KOHLER, Wisconsin (Reuters) - Anirban Lahiri notched up India’s best-ever result at a major championship by finishing tied fifth at the PGA Championship on Sunday, leaving him in no doubt he belonged at golf’s top table with the game’s current crop of rising stars.
The 28-year-old closed with an assured final round of four-under-par 68 and a 13-under total on the notoriously tricky Whistling Straits track, seven shots back of winner Jason Day of Australia who held off double major winner Jordan Spieth.
“It’s been a fantastic week,” Lahiri told reporters after eclipsing the previous Indian major record of a tied ninth finish by Jeev Milkha Singh at the 2008 PGA Championship.
”I won’t really say I was in contention here because I was a long way out but I was in the mix. It’s a great feeling, it’s massive for me. It gives me so much confidence.
“It also tells me that I can compete with the best on the toughest courses and the best fields. It also tells me that I need to get just a little bit better and maybe I’ll be back here more often.”
Lahiri, who finished tied 30th at the British Open and made the cut at his first Masters this year, has enjoyed a whirlwind 18 months.
He has won four times on the Asian Tour, with two of those triumphs coming crucially in tournaments co-sanctioned by the European Tour that carried more weight.
His world ranking has surged from 195th to 38th with a spot on the Internationals team for the Presidents Cup in October all but assured.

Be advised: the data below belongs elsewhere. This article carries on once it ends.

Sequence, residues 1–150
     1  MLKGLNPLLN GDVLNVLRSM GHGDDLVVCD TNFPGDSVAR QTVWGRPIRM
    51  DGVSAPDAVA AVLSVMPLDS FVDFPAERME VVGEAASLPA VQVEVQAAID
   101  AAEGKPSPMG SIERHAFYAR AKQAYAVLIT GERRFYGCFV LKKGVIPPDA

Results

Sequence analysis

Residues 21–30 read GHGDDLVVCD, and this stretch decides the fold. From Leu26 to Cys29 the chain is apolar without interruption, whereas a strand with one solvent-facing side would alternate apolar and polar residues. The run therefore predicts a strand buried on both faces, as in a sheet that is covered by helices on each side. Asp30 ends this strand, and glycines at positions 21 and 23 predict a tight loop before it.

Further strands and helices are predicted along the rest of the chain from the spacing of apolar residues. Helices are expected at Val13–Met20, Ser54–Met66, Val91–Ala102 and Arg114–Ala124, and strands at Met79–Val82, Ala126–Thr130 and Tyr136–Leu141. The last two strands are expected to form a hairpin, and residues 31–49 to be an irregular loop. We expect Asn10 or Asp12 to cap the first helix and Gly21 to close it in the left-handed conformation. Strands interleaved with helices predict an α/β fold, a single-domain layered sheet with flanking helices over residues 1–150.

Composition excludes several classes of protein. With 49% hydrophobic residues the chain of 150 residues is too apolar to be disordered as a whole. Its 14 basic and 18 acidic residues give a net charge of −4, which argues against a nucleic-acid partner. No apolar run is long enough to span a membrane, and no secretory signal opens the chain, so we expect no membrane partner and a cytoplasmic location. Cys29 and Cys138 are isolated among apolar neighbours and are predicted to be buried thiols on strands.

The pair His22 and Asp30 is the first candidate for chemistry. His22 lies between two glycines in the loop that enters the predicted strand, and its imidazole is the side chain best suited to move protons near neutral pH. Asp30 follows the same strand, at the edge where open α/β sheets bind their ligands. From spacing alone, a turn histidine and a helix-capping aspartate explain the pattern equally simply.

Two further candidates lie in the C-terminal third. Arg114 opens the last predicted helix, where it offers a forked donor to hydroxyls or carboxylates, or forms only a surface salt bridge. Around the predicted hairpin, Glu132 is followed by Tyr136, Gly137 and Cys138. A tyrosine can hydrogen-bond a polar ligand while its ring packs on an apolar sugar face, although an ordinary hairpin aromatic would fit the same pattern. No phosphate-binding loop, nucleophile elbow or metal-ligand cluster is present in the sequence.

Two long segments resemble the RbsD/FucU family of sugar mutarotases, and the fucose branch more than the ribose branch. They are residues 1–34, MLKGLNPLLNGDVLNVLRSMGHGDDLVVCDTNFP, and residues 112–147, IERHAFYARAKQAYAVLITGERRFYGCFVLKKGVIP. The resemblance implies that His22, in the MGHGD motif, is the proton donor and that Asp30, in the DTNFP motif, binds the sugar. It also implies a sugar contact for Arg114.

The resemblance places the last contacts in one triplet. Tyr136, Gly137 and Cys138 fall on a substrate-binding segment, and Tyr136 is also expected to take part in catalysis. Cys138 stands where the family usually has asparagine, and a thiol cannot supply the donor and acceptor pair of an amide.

The biennial team event in South Korea would see Lahiri mix it again with Day and new world number one Spieth and the Indian said his PGA display, where he out-performed second-ranked Rory McIlory, showed he had no reason to feel inferior.
“I didn’t really feel out of place. I think that’s a massive positive for me,” he said of his Sunday display where he played alongside world number 15 Matt Kuchar.
“I felt really comfortable whoever I was playing with and whenever I was playing and whatever I was doing, I felt very much at home. I think that’s a good sign.”
Lahiri, though, was already eyeing improvements.
His second bogey of the day came on his final hole on Sunday and with it the opportunity to push for better playing opportunities.
“It’s obviously the scoring aspect that I feel is lacking a little bit. I think that’s where I need to tighten it up, just around the greens and make a few more 10 and 12-footers,” he said.
“I think a couple of shots better would have got my card on the PGA Tour. So a little bummed about that.”
Writing by Patrick Johnston in Singapore; editing by Sudipto Ganguly